Information about the Bird African Sacred Ibis
The African sacred ibis (Threskiornis aethiopicus) is a species of ibis. Its sister species is the Australian white ibis.
An adult individual is 68cm (27in) long with all-white body plumage apart from dark plumes on the rump. The bald head and neck, thick curved bill and legs are black. The white wings show a black rear border in flight. Sexes are similar, but juveniles have dirty white plumage, a smaller bill and some feathering on the neck.
This bird is usually silent, but occasionally makes some croaking noises, unlike its vocal relative, the hadada ibis.
A wading bird of the ibis family, Threskiornithidae, the sacred ibis breeds in Sub-Saharan Africa, southeastern Iraq, and formerly in Egypt, where it was venerated and often mummified as a symbol of the god Thoth. It was also introduced successfully to the British Isles. The African sacred ibis occurs in marshy wetlands and mud flats, both inland and on the coast. It will also visit cultivation and rubbish dumps.
The bird nests in tree colonies, often with other large wading birds such as herons. It builds a stick nest, often in a baobab tree and lays two or three eggs.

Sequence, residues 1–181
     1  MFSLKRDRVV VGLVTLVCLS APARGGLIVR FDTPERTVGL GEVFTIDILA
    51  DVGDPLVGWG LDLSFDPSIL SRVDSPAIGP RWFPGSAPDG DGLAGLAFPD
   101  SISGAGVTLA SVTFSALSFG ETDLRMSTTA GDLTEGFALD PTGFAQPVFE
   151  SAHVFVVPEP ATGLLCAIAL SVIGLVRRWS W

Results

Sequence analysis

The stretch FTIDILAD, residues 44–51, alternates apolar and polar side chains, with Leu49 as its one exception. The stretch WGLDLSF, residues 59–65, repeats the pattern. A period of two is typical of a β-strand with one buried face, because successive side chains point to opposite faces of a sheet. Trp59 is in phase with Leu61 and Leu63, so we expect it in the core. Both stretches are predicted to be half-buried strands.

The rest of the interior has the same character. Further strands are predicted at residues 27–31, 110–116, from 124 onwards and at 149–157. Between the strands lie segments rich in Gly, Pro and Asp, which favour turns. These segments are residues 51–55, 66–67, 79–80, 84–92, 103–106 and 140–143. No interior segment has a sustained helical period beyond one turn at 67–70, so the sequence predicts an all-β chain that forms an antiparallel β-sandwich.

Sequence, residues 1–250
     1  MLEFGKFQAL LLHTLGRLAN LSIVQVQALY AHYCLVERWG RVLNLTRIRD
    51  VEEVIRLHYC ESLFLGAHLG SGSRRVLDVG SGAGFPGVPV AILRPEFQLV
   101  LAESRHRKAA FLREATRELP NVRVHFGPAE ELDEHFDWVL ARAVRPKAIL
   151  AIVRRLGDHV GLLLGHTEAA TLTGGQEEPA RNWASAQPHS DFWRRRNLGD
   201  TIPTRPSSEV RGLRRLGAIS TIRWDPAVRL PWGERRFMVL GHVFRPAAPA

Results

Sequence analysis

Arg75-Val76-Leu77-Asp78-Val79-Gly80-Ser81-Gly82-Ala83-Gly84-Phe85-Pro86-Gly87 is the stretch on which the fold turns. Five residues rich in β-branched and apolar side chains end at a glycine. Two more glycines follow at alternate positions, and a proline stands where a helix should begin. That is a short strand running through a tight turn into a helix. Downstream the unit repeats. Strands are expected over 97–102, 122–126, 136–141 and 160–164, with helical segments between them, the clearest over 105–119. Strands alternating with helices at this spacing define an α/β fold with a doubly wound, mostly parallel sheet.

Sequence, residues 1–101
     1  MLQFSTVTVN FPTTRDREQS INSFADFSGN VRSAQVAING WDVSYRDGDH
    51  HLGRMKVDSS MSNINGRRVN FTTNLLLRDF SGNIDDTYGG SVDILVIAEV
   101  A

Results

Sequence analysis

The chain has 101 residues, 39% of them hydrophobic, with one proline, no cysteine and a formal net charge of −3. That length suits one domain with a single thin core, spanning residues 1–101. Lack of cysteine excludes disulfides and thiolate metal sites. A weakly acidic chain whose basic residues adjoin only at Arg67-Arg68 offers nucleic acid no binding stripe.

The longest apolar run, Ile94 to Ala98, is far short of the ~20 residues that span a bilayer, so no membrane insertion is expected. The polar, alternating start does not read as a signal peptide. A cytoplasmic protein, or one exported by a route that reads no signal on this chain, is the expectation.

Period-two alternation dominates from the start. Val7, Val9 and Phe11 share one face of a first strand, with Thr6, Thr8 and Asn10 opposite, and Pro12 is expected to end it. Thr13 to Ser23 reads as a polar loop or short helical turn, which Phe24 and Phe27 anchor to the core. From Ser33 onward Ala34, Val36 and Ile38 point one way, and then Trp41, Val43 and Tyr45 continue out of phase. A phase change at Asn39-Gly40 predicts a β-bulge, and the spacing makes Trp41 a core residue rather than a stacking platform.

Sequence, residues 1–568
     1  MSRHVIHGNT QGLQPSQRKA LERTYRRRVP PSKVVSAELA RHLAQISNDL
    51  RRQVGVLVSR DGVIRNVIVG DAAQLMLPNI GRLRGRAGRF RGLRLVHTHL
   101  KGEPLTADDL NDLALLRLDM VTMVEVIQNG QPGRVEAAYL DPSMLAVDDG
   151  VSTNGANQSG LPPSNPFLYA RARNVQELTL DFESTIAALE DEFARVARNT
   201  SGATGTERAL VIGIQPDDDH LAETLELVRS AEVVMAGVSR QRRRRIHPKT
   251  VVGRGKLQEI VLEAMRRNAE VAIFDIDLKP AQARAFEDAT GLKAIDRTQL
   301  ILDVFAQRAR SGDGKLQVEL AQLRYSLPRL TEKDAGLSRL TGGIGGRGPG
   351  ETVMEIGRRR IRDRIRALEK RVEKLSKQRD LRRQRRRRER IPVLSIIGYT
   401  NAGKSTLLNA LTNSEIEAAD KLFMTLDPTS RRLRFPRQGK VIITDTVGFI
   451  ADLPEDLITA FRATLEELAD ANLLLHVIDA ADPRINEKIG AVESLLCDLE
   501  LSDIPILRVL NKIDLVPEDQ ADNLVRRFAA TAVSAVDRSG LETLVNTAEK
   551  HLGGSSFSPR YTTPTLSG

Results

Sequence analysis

It feeds on various fish, frogs, small mammals, reptiles and smaller birds as well as insects. It may also probe into the soil with its long bill for invertebrates such as earthworms.
The African sacred ibis has been introduced into France, Italy, Spain, Taiwan, and the United States (south Florida).
The introduced and rapidly growing populations in southern Europe are seen as a potential problem, since these large predators can devastate breeding colonies of species such as terns. They also compete successfully for nest sites with cattle and little egrets. The adaptable ibises supplement their diet by feeding at rubbish tips, which helps them to survive the winter in these temperate regions.
The African sacred ibis is one of the species to which the Agreement on the Conservation of African-Eurasian Migratory Waterbirds (AEWA) applies.
Venerated and often mummified by Ancient Egyptians as a symbol of the god Thoth, the ibis was, according to Herodotus and Pliny the Elder, also invoked against incursions of winged serpents. Herodotus wrote:
In more mythical stories, it was also said that the flies that brought pestilence died immediately upon propitiatory sacrifices of this bird.
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